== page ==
Leaving the Washington D.C. defenses around July 16, McDowell moved to Fairfax Court House, arriving on July 17.  Brigadier General Tyler was sent on July 18 to seize Centreville and probe beyond to determine rebel placements and strength.  Tyler ended up running into James Longstreet's troops at Blackburn Ford, which proved a very unproductive recognizance.  McDowell, undeterred, moved his army into Centreville where he devised his plan of attack.  It called for a two pronged advance, with one division feinting attack at the Stone Bridge, on Warrenton Turnpike, while two divisions hit the rebel left flank after crossing Sudley Ford to the north.

Having arrived from the Shenandoah Valley, troops under Joseph Johnston began to pour into the Manassas area.  As Johnston was the senior commander, it was agreed that Beauregard would command the field forces, with Johnston in overall command of the theater.  The troops arriving at Manassas, with Johnston, were under the command of a little known Brigadier General Thomas J. Jackson.  These troops joined troops already at Manassas under the command of Beauregard.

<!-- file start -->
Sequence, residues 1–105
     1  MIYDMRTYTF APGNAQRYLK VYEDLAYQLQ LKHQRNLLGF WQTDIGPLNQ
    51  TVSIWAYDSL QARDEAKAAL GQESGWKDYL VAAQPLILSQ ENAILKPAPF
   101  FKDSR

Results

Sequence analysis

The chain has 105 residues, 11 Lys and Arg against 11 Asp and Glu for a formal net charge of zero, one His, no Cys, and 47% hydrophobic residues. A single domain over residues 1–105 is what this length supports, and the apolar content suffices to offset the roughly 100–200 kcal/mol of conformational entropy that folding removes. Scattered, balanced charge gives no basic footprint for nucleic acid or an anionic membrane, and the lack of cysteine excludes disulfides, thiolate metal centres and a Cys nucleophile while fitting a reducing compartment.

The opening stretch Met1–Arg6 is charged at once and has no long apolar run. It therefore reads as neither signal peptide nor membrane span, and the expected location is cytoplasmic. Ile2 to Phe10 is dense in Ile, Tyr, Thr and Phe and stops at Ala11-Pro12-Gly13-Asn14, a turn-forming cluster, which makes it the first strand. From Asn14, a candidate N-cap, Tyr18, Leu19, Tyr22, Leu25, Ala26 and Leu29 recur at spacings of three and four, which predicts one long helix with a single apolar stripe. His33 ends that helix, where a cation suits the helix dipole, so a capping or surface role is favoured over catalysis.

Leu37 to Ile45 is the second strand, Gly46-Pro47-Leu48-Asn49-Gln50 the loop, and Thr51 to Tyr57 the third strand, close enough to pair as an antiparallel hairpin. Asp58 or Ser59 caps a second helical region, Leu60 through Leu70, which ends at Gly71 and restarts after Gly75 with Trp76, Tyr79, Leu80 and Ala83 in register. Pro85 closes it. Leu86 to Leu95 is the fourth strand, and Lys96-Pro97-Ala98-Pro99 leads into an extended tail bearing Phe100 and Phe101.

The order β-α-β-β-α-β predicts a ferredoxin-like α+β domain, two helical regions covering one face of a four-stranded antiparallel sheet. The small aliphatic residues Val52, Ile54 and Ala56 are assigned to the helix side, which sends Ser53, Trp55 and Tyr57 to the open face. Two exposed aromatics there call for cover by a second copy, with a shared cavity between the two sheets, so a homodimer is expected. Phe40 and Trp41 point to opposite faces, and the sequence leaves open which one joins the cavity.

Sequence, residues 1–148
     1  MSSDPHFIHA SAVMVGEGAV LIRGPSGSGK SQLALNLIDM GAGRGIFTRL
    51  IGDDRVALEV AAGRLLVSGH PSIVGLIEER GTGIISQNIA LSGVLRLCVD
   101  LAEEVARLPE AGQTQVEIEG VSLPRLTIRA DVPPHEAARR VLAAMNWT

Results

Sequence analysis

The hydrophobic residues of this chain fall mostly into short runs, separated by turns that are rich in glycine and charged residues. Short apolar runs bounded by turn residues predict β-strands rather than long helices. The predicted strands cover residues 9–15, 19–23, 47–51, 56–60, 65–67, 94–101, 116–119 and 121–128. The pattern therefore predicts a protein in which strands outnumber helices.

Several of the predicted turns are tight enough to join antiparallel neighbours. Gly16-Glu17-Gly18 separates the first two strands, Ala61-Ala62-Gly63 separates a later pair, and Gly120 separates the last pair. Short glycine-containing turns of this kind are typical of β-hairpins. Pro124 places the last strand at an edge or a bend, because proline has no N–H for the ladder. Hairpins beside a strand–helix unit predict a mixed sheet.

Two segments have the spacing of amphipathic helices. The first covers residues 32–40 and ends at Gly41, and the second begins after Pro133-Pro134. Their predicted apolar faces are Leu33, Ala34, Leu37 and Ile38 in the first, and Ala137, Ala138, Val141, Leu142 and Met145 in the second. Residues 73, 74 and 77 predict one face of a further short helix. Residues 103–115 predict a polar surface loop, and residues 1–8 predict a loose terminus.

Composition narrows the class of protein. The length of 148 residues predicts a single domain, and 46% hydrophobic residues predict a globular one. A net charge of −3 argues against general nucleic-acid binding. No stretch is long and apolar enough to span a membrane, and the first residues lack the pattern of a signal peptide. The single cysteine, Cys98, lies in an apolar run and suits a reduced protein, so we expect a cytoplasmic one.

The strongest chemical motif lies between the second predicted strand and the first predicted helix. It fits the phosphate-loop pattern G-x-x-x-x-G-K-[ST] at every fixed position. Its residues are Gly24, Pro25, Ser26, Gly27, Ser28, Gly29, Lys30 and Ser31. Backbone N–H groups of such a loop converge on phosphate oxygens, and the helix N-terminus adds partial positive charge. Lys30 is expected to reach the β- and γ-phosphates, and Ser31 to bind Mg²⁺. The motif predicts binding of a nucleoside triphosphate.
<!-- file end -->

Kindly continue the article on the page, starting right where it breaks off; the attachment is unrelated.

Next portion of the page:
Early on the morning of July 21, McDowell put his plan into motion.  Troops under Daniel Tyler demonstrated against the rebel commander at the Stone Bridge, Nathan Evans.  Evans recognized the movement as a feint and leaving a small covering force at the Stone Bridge, relocated his troops south of Matthews Hill, where he expected the Union attack to begin.  His troops, roughly 900, were attacked by close to 6,000 troops - two Federal divisions.  Being vastly outnumbered, Evans was pushed back quickly to another rise that would become famous - Henry House Hill.  Here Evans, and other troops under Beauregard, including brigades under Brigadier General Barnard Bee, were joined with a brigade of Valley men under Thomas Jackson.  These men faced an immediate artillery threat from a battery of federal artillery placed adjacent to the Henry house.  While shells and musketry shrieked into the Confederate line, Bee noticed Jackson, on his horse, calmly directing his brigade.  At this point, to rally his troops, he uttered the words that would immortalize Jackson in the south, "There is Jackson standing like a stone wall.  Let us determine to die here, and we will conquer.  Follow me."  Ironically enough, Brigadier General Barnard Bee was killed there.  This rallied the demoralized rebels.